Lawyers go after Tannenbaum's assets

As lawyers acting for investors in the Ponzi-type scheme eye Barry Tannenbaum’s assets in Australia, a special task team has been established to investigate the matter.

The task team will comprise investigators from the Financial Intelligence Centre (FIC), the South African Revenue Service (SARS), the South African Reserve Bank (SARB), the South African Police Service (SAPS) Serious Economic Offences Unit and the National Prosecuting Authority (NPA).

This follows the uncovering last week of the scheme, estimated to be worth up to R10-billion. About 400 investors, including high-profile businessmen, lost money in the scheme.

Attorneys representing victims said they will seek recognition in Australia of a sequestration order obtained in South Africa.

Michael Strauss, a partner at Ian Levitt Attorneys, was quoted by Business Report as saying a provisional order granted earlier in June should first be made a final order.

Strauss told the paper that lawyers were certain that Tannenbaum would oppose the granting of a final order when the matter was heard in court in July.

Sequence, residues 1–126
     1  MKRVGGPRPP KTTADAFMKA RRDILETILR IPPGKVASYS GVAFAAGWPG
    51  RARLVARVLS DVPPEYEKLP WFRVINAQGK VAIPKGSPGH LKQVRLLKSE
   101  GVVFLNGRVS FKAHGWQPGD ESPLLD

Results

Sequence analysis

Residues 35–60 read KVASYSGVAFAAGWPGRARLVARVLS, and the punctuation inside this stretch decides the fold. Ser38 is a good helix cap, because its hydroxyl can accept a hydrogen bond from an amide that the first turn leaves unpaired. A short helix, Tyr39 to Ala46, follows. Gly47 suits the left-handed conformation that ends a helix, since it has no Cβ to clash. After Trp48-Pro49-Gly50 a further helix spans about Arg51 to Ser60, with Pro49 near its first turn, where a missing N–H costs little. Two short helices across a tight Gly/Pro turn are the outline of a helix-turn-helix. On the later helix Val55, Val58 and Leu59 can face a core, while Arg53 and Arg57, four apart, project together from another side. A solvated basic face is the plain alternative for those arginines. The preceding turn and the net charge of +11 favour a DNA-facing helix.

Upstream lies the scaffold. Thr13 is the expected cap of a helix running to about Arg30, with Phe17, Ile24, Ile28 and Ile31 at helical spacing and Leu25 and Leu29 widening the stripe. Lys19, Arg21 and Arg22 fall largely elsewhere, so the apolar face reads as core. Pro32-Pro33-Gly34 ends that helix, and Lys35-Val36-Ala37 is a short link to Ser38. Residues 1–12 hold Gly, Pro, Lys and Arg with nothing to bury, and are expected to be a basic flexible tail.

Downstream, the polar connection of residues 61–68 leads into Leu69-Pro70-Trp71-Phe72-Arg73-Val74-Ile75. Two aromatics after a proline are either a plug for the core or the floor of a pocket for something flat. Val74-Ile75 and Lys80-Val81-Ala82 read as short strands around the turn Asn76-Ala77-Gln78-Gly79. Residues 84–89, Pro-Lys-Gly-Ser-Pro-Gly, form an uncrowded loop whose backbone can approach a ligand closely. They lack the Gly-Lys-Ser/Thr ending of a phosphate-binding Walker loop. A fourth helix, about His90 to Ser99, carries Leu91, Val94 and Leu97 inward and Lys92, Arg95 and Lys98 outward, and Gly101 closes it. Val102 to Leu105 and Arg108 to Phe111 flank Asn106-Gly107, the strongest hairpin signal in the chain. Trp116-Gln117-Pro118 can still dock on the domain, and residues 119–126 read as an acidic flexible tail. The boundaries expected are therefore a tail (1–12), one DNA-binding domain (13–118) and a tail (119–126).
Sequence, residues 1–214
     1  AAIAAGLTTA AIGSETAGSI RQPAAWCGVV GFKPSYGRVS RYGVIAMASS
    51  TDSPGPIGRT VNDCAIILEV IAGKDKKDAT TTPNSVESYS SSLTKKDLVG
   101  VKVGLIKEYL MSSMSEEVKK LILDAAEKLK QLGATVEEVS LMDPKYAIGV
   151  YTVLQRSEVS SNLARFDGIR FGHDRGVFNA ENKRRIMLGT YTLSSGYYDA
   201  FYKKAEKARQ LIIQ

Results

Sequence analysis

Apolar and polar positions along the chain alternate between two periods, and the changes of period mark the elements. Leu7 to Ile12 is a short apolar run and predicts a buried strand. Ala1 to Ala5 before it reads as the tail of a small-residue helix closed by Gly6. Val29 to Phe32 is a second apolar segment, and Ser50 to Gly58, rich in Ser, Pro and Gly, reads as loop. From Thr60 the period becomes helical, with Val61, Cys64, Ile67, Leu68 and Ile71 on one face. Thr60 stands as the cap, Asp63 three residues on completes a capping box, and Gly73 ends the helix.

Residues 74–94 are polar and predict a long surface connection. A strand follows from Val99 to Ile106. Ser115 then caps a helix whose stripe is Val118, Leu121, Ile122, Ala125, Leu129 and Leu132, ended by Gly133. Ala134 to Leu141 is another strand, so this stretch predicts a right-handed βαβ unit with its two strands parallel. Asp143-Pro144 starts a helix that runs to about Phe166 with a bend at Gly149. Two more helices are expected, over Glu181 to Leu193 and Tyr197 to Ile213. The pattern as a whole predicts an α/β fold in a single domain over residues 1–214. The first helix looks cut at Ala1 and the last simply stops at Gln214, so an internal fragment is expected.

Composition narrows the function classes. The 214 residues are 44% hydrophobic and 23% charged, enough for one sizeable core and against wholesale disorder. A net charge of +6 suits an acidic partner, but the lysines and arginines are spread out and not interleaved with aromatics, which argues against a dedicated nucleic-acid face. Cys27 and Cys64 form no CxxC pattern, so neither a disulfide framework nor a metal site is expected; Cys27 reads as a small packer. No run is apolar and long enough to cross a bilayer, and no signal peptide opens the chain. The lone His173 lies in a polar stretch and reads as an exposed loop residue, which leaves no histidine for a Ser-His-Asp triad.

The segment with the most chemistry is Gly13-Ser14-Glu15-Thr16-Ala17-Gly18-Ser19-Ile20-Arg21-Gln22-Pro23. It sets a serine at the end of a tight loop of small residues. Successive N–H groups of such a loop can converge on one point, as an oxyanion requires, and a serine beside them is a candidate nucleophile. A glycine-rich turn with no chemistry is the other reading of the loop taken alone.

Strauss was quoted as saying by Business Report that his firm had found that a number of Tannenbaum’s assets were overseas and that it was “important to move before they are dissipated”.

Meanwhile, law enforcement agencies held an urgent meeting on Friday to “decide on a plan of action for a high level investigation into serious allegations including possible fraud, money laundering, tax evasion and foreign exchange control violation against Mr Barry Tannenbaum and associated entities”.

“The NPA indicated that prosecutors from the Specialised Commercial Crime Unit will be working closely with detectives from SAPS to evaluate evidence and to determine whether to prosecute any of the persons or entities involved in this scheme,” the statement read.

The NPA’s Asset Forfeiture Unit would consider whether any assets could be frozen or forfeited as proceeds of unlawful activity.

Tannenbaum is the grandson of one of the co-founders of Adcock Ingram.

The task team called on investors who had dealings with Tannenbaum and his associates to help with the case. Information would be treated as confidential and could be emailed to or in the form of a suspicious transaction report to the website of the FIC.
A dedicated telephone reporting line would be established in the next few days.